In effect, a concentric midrange driver made up of seven high-frequency drivers! This creates a significantly lighter-mass driver that is more efficient than a standard midrange driver. The benefits include greater clarity, improved directivity, speed, articulation, focus, harmonic integrity and tonality.
The success of this polygon-oriented driver technology has been so well-received that five new Tekton models are now in production (including the 1812, Ulfberht, Impact, Brilliance, and Rocket.) The DIs efficiency is 98dB, making it remarkably easy to drive under a variety of conditions and amplifiers ranging from 5 to 500 watts! Dual 10″ woofers in a rear-ported cabinet provide excellent low-end performance. My review sample came in standard black matte finish with a single pair of 5-way binding posts on the rear. Optional paint finishes increase the price by $1,000 while an additional $300 will provide Cardas posts. It uses mil-spec internal wiring and high-quality capacitors (ClarityCap or Solen for the tweeter).
Setting up in my dining room, exclusive of all tweaks and room treatments, allows me to hear and evaluate products without taking other variables into account. Three amplifiers were used for this review: the Analogue Domain Isis M75D integrated, 250 watt-per-channel ($20,000.00. Review in the works); the Arte Forme integrated ($1,350.00. Reviewed here) and the Italian-made, 75 watt-per-channel Grandinote monoblocks ($45,000.00 Reviewed here). I spent a majority of the time with the Grandinotes because they have been in my possession the longest and I’ve become quite acquainted with their sound and subtleties.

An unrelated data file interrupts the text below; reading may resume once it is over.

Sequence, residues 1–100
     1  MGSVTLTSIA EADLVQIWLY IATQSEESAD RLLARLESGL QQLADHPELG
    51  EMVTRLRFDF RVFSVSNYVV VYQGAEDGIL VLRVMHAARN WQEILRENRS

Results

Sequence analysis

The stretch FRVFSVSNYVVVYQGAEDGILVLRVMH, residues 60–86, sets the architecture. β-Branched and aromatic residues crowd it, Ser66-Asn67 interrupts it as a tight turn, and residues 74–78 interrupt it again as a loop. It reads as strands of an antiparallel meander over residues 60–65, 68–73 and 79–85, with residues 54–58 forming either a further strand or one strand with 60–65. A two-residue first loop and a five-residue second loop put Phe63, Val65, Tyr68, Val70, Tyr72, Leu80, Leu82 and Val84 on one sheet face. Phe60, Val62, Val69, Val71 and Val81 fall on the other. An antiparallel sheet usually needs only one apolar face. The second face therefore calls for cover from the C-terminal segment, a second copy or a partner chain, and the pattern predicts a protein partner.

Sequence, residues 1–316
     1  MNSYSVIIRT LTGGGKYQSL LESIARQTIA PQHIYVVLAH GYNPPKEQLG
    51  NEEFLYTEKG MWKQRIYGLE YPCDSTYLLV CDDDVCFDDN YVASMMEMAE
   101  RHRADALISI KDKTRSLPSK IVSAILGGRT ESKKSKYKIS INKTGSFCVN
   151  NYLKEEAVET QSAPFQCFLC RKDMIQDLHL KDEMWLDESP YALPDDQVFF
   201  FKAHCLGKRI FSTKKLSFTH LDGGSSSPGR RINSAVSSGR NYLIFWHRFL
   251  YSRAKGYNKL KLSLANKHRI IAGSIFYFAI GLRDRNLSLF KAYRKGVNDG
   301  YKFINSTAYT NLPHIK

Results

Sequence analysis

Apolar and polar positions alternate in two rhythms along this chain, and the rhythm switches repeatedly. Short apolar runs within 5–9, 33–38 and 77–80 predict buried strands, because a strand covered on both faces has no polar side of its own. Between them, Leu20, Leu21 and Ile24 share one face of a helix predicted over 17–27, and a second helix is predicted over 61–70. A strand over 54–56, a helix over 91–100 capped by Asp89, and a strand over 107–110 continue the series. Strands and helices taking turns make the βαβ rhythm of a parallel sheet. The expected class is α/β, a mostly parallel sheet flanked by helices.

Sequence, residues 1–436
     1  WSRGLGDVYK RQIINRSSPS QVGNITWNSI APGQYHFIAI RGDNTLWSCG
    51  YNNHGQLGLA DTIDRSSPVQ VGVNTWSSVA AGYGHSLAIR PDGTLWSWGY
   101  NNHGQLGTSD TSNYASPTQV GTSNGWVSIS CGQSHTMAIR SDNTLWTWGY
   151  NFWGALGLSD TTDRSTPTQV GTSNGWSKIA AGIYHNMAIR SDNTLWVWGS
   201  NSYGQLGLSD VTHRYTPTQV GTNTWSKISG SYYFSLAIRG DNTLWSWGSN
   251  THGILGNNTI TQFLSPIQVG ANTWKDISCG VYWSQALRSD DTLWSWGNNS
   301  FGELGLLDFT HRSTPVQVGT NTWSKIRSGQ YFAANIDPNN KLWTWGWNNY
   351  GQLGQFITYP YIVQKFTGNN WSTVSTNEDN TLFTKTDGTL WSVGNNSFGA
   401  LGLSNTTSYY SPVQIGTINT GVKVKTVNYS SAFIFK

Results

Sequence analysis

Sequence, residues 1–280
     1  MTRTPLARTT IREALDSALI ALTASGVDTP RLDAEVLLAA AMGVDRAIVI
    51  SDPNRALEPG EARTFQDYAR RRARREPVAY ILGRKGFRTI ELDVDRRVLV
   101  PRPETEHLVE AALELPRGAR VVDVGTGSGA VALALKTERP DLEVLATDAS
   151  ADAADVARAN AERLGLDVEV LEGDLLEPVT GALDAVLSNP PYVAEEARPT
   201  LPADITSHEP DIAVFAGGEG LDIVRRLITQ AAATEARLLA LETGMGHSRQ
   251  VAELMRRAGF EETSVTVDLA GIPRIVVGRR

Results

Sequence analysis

The DIs overwhelmed me right out of the box. How distinct, smooth, rich and open voices sounded! Then I noticed that the soundstage was amazingly stable, natural, and grain-free, something I’ve heard before only in far more expensive designs. There was an ease and transparency, without the colorations typical of box designs. They reminded me of di-pole, open-baffle designs like Magnaplanars. Images were rock solid and came from a deep, three-dimensional, black background that had me doing double-takes.
I reminded myself that the DIs, for all their impressiveness, had yet to be broken in! So I put my disc player in repeat mode in order to do this. It’s been a very, very long time, since I was this excited about a loudspeaker.
With a little more than 50-hours of burn-in accomplished, I invited a few friends over for a session upstairs on the big rig. And, for the first time ever, we never made it upstairs.
Everyone should have a friend like Dennis Parham. He’s much more a friend and music lover than an audiophile. We usually meet for lunch and a listening session at each other’s home every couple of weeks or so. This was his turn to visit and I thought I’d surprise him with the DIs. Entering my dining room, Dennis noticed the new speakers and nodded with initial approval. He looked more carefully at the front and back, and again nodded. He sat down in the sweet spot and I put on a sampler CD that started with an orchestral piece (I don’t recall the name). As soon as the music started, he said without hesitation “Wow, CP, what loudspeaker is this!” A few minutes later and deeper into the sampler disc, he said, “There is some incredible soundstaging happening in that song, my brother!” I wanted to tell him that they’re only going through their paces and hadn’t reached full burn-in yet.
After hearing Dennis reiterate, “Are you kidding me,” I said something that seemed to astonish him: “…they only cost $3,000.00 too!” Dennis exclaimed “$30,000?” “No $3,000!”.